April 2013 Archives

Reflecting on a Year of Involvement in Dallas Interfaith Power and Light

April 14, 2013

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A year ago I began a personal journey that I had long wished to start: a journey of integration, practice, cooperation, and learning, all in the name of playing a small part to unite the strands of science and faith on the "common ground of stewardship of life", to paraphrase E.O. Wilson [1]. In the uncaring and inefficient sprawl of Dallas, I set out to find those who share my belief that sustainable living would only be achieved when individuals and society re-connect with the divine, with the highest potential of human nature. From many such personal journeys, Dallas Interfaith Power & Light has been organically emerging as a moral and practical social space for addressing the great challenge of our times, climate change.

Bahá'í Devotional Program on Humanity's Relationship with Nature

April 10, 2013

In a letter dated 2 March 2013, to the Bahá'ís of Iran, the Universal House of Justice wrote:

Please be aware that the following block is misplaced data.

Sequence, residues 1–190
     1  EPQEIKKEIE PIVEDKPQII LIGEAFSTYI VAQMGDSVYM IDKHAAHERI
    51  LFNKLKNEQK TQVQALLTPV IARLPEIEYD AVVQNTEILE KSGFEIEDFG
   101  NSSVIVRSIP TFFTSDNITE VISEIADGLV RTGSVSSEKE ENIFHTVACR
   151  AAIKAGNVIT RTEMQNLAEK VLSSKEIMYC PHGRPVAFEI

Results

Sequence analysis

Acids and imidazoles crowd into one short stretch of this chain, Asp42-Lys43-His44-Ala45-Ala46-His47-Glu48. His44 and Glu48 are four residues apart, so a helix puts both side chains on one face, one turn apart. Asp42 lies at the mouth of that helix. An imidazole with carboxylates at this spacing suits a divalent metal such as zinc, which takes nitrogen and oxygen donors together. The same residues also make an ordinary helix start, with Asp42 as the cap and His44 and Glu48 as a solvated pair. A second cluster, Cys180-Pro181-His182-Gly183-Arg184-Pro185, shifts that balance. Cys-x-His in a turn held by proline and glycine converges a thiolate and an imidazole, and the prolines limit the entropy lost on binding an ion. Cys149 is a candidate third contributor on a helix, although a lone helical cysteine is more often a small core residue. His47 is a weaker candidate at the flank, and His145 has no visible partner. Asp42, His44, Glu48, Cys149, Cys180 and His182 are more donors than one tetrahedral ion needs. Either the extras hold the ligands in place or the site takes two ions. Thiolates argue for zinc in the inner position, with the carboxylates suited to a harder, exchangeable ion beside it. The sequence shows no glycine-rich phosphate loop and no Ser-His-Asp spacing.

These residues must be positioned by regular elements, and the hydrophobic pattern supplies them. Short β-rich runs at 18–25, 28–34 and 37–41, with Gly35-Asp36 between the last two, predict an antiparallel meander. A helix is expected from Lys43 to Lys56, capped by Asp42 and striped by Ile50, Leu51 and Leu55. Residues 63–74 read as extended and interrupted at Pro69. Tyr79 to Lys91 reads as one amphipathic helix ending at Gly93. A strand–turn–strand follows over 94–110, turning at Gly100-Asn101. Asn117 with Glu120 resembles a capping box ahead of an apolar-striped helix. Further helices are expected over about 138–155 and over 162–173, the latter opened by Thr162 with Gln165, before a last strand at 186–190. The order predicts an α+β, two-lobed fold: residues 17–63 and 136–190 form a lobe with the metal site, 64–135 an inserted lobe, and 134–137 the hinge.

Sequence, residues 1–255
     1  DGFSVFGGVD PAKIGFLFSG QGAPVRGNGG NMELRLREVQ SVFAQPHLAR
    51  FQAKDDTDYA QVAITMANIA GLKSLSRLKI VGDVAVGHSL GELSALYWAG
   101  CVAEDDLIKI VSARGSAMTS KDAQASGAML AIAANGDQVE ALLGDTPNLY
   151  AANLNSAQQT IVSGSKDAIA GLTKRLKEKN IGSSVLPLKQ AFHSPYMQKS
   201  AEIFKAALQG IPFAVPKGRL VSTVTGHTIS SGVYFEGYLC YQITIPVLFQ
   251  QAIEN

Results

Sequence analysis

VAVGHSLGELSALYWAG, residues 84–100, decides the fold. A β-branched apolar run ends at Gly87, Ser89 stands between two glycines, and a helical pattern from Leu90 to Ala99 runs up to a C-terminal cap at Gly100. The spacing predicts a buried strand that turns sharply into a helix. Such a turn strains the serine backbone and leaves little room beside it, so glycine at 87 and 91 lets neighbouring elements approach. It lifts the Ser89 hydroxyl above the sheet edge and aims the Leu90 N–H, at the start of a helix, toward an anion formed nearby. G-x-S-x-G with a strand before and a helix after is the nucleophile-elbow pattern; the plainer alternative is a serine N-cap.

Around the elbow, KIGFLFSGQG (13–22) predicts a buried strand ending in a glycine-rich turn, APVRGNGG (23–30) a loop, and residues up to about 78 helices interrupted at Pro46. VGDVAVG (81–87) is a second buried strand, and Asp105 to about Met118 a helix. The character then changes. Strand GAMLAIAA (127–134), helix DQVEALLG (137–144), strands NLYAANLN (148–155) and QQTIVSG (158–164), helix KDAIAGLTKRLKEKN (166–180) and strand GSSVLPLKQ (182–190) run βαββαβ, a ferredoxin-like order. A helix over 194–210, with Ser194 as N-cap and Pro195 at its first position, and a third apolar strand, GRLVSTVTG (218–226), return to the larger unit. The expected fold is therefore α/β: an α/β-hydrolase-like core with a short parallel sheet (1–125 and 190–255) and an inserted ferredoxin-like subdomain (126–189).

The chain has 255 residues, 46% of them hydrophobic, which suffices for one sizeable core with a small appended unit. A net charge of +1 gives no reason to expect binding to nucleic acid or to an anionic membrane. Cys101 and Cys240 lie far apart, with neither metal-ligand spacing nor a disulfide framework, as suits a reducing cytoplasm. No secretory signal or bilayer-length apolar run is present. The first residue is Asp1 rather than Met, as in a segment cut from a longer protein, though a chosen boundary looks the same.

"… the principle of the oneness of humankind, as proclaimed by Bahá'u'lláh, asks not merely for cooperation among people and nations. It calls for a complete reconceptualization of the relationships that sustain society. The deepening environmental crisis, driven by a system that condones the pillage of natural resources to satisfy an insatiable thirst for more, suggests how entirely inadequate is the present conception of humanity's relationship with nature…"

This of course begs the question, what should humanity's relationship with nature be? We explored this to some extent in the devotions for the Feast of Dominion in February. Now we ask you to continue that exploration here, with the Feast of Glory, by considering how the Glory of God is revealed through, and yet extends far beyond, Nature, which is also called Creation and Existence, and how our relationship to this Creation must be one of humility and moderation.

Opposition to the Keystone XL Pipeline

April 4, 2013

In December 2011, I wondered if the opposition to the Keystone XL Pipeline project was truly just, given that Americans do not have the same kind of reaction to actual oil spills in places like Brazil and Nigeria, as to the potential for spills in the United States. Since then, I have learned more about the climate impact of tar sands (which admittedly is still not entirely clear),and given more consideration to the justice and ethics. Thus while I still hold to the main points of my previous blog post – we need to focus on reducing energy consumption, and Americans should be equally concerned about ecological impacts of oil production / transport outside the United States – I am now firmly opposed to the construction of this pipeline, and have signed onto Interfaith Power & Light's letter-writing campaign against the pipeline.

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